Dow off 206 after Bernanke sees end to Fed easing
Stocks sag as the Fed chairman says a stronger economy may let the central bank start to end its bond-buying program late this year. But Bernanke sees low rates lasting into 2015.
Stocks plunged Wednesday after Federal Reserve Chairman Ben Bernanke said a key program to keep interest rates low may start to end later this year.
But Bernanke said the Fed does not expect to start raising its key interest rate until probably the first half of 2015.
The Fed has been buying $85 billion a month in Treasury and mortgage-based securities. Bernanke told a news conference Wednesday that the Fed could start to trim the size of the purchases late this year, ending the purchases entirely in mid-2014.
The decision to trim the bond purchases would depend on the economy moving ahead, something the Fed expects. In its statement stating the current pace of bond buying will continue, the Fed said the downside risks to the economy have "diminished since the fall."
The Fed's optimism, however, did not cheer Wall Street. Instead, the fear of rising interest rates at some point in 2015 caused heavy selling.
The Dow Jones industrials ($INDU) closed down 206 points to 15,132 on Wednesday. The Standard & Poor's 500 Index ($INX) was off 21 points to 1,631, and the Nasdaq Composite Index et ($COMPX) was down 36 points to 3,447.
The 10-year Treasury yield, meanwhile, moved up to 2.31% from Tuesday's 2.18%. The 10-year yield was 3.3% at the end of 2010.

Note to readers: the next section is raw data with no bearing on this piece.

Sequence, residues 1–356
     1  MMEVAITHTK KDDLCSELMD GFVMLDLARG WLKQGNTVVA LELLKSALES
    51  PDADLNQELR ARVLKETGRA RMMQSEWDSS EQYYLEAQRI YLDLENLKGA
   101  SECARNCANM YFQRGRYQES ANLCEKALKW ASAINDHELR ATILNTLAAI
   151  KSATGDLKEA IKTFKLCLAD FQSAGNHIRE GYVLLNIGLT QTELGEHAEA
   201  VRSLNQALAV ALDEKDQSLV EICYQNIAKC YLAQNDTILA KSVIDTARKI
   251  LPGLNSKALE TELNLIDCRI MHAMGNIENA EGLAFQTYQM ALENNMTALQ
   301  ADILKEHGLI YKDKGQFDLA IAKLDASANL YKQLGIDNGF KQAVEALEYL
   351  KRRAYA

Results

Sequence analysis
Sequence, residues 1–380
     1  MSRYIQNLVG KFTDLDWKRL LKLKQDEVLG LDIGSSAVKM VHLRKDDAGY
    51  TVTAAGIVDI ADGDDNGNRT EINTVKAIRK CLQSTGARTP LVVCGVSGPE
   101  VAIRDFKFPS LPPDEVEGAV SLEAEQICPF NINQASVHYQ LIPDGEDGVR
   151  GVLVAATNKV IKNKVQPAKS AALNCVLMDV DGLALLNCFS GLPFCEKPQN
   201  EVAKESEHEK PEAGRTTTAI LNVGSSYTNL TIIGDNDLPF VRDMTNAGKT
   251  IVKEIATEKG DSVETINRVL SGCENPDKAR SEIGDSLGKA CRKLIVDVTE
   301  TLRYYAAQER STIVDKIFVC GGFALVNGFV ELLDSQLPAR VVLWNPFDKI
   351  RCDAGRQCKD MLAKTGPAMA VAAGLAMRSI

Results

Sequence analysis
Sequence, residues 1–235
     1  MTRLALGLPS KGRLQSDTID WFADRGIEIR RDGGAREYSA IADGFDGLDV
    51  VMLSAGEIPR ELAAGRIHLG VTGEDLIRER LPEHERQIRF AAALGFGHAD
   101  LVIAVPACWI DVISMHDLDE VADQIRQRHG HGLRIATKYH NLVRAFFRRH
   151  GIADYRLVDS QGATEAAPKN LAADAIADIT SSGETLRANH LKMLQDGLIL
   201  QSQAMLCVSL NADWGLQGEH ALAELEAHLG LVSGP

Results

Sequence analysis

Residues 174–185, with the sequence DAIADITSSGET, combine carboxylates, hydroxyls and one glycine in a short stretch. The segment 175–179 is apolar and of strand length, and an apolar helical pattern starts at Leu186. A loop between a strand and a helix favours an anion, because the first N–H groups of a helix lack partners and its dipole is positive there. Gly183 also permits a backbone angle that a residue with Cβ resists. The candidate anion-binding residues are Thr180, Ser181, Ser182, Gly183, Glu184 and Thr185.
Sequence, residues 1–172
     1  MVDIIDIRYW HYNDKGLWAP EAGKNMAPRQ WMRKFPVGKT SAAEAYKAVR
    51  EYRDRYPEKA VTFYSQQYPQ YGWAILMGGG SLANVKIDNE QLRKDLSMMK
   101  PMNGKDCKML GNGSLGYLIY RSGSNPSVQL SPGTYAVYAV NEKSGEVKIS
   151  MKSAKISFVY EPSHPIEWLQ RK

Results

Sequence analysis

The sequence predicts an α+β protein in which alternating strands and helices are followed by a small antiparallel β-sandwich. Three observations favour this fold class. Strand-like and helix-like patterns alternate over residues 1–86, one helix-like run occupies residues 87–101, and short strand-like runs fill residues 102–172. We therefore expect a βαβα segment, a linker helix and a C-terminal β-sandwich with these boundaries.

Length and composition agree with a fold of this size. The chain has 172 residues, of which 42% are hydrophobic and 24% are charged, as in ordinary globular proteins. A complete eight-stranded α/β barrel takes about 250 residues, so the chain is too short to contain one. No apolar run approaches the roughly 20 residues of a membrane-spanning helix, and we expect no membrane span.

The Dow has risen or fallen more than 100 points for seven straight sessions, something not seen since 2011. Wednesday's losses were the worst one-day losses for the major indexes since June 5.
Crude oil (-CL) dropped 19 cents to $98.48 a barrel. Brent crude, a key influence on retail gas prices in the United States, was at $105.60 a barrel, down 42 cents. Gold (-GC) moved up $7.10 to $1,374 an ounce.
So, when might the Fed start to raise its key federal funds rate? Probably not until the first half of 2015. That's a touch sooner than Wall Street had been expecting. The fed funds rate is what banks pay each other for overnight loans, and is the foundation on which most U.S. interest rates are built. The target is now 0% to 0.25%.
With the fed funds rate so low, the central bank has had to find other ways to ensure lower rates, to help nourish a modest recovery that began in late 2009. So, the Fed has been buying in $45 billion a month in Treasury securities and $40 billion a month in mortgage-backed securities.
Despite the stock market's worries, mortgage rates will probably remain at or near current rates. The national rate for a 30-year mortgage was about 4%, Bankrate.com said Wednesday. A 48-month loan for a new-car loan would cost 2.6%.
Partly this is because the Fed sees the economy growing modestly at best over the next year or so, with unemployment dropping from 7.5% now to maybe 7.2% to 7.3% by the end of the year and 6.5% to 6.8% in 2014. Gross domestic product growth may be as much as 2.3% to 2.6% this year, 3% to 3.5% in 2014 and 2.9% to 3.6%.
The projections are mostly improvements over projections made in March.
Inflation is likely to remain under 2% for the medium term, less than the Fed wants.
Stocks have more than doubled since the market bottom in 2009, in large part because the Fed has aggressively sought to keep interest rates low. That's forced many investors to look to stocks for big returns, and it has slowly set up some key areas of the economy -- automobiles and housing -- to recover from the 2008-2009 financial crash.
But the big rally has stalled in recent weeks, as worries about where the Fed was headed grew. The 10-year Treasury moved from 1.63% at the beginning of May to more than 2.3% on Wednesday.